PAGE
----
Those thinking dredging will work. This is filled in on both sides of the dock and to the jetty…it’s a very large circumference. As we found out in Spalding, dredging a channel doesn’t work in soft lake bottom, it fills in fast from blow over from wind action. So, IF it were considered, they would have to close the only ramp until the muck settled & job completed. It would not be a day or two, probably not a week or two job either. We don’t expect anything to be done about the shoal. Pretty much, it’s too little, too late.
Now, the dock: The end of the bolts securing each section to the next are backwards. The bolt is sticking outward, rather than the head of the bolt outside which was 1/4″ not 1 1/2″. I wouldn’t want to come in for a hard landing in northeast winds without a lot of bumpers out….pretty sure my can would get opened. So make sure your bumpers are in and be very careful along side it. At the end of the dock, the hinge metal for an additional section (not adding) do stick out several inches. Be careful when moving your boat from one side to the other.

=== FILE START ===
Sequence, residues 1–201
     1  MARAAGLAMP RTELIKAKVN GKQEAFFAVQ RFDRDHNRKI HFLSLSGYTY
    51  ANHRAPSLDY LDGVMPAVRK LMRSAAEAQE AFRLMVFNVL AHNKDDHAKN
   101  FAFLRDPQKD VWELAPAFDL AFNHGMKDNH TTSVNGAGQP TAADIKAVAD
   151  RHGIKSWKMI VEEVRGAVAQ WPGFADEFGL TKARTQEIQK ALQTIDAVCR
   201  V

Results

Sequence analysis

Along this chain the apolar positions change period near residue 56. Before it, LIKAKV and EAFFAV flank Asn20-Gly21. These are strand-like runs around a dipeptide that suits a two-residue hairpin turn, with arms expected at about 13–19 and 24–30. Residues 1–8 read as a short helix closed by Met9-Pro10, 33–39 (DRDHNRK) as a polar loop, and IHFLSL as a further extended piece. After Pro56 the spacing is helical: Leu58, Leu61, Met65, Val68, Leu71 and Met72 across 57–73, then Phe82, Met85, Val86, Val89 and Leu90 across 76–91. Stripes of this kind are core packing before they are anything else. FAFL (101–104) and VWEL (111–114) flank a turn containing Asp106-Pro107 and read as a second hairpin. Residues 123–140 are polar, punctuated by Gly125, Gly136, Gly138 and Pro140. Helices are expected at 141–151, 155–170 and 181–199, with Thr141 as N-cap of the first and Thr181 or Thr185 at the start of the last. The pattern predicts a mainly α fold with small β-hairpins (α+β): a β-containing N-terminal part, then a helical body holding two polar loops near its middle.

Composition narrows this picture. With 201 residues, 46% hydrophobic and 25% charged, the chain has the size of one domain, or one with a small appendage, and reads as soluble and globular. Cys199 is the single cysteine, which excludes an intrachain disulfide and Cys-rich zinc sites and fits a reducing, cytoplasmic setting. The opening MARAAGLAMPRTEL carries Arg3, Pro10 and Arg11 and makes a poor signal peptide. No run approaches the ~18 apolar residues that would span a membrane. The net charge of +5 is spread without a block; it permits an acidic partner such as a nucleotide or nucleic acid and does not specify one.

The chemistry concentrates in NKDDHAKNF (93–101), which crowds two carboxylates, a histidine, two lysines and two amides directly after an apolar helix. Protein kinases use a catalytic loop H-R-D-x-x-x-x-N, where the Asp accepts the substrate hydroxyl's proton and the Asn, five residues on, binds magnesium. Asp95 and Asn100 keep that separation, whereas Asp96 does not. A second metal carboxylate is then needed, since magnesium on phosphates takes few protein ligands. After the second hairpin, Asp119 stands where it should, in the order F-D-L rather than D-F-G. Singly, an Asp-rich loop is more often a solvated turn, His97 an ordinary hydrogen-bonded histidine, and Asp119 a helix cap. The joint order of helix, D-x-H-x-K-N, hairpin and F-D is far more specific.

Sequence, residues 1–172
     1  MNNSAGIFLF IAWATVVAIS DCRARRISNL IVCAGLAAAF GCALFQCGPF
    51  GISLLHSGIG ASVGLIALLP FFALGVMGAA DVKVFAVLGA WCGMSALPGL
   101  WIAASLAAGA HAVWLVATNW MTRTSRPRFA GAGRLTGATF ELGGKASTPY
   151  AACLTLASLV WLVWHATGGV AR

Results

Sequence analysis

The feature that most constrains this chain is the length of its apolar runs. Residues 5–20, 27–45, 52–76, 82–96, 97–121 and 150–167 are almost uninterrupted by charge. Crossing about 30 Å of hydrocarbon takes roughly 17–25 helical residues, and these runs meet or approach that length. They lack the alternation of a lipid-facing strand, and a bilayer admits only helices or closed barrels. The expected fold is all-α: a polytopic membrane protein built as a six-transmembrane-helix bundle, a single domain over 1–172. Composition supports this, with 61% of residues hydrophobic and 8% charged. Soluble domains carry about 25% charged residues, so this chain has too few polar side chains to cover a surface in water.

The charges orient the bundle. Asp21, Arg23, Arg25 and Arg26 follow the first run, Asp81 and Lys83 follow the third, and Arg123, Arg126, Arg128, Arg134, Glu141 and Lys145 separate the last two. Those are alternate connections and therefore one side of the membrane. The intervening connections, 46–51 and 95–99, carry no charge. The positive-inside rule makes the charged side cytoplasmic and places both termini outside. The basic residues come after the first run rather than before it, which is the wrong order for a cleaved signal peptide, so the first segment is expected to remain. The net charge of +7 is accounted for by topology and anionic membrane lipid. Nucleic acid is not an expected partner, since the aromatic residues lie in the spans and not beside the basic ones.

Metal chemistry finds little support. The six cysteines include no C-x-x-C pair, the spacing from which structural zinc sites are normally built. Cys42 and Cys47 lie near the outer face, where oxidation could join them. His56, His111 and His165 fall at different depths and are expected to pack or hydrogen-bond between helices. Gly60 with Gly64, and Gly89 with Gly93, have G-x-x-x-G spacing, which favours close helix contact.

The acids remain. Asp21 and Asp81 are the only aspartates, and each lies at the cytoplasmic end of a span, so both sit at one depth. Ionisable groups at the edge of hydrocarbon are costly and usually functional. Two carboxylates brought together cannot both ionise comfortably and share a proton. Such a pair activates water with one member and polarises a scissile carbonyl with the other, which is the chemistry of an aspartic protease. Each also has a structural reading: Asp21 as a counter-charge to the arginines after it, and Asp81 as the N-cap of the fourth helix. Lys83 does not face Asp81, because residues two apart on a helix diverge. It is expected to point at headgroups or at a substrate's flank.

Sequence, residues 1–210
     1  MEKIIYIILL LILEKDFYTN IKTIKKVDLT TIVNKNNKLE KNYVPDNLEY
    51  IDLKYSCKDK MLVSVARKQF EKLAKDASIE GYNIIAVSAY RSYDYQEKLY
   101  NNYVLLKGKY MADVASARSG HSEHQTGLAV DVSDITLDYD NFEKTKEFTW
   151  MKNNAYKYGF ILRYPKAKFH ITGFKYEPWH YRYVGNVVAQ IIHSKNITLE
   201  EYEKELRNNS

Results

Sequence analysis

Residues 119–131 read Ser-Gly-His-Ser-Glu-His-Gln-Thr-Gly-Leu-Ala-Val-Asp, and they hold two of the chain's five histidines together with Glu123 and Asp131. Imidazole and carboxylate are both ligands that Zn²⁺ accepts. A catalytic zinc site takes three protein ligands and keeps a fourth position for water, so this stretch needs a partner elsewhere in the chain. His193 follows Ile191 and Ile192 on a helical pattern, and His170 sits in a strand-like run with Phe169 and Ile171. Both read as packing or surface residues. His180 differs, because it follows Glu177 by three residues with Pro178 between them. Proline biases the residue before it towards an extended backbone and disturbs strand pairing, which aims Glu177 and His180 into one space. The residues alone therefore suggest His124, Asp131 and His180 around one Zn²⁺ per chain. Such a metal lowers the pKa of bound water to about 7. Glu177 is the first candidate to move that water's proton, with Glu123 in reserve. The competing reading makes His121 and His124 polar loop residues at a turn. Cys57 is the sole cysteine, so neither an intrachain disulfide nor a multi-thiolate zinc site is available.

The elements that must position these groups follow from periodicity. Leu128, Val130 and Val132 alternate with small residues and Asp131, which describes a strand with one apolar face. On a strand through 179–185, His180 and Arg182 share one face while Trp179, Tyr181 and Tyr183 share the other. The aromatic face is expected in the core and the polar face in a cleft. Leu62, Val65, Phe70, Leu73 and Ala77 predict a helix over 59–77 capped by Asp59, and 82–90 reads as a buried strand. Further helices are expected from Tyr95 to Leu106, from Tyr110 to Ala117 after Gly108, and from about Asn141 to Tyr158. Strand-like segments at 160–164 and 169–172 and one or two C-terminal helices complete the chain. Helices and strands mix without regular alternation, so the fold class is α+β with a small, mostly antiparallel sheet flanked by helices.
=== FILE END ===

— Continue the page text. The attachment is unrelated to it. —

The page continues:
It’s a one lane ramp. We don’t need bully’s pushing around the elderly or mobility impaired just because they can. Especially cutting in front of 3 boats (ones trailer already in the water) in which that one demands everyone go around his boat to trailer. That is the most disrespectful thing a boater can do at ANY dock, not just ours. They live among us folks. When coming into the one lane ramp with boats lined up, it means your last in line and the guy behind you is…well, behind you….who is behind the ones currently on the dock. This isn’t rocket science….it’s simply common courtesy at the dock, ya just don’t cut in front and be the last vehicle in line. Everyone wants to enjoy their trip. Just wait your turn. Pretty much everyone has it down except a few. Just keep both eyes open.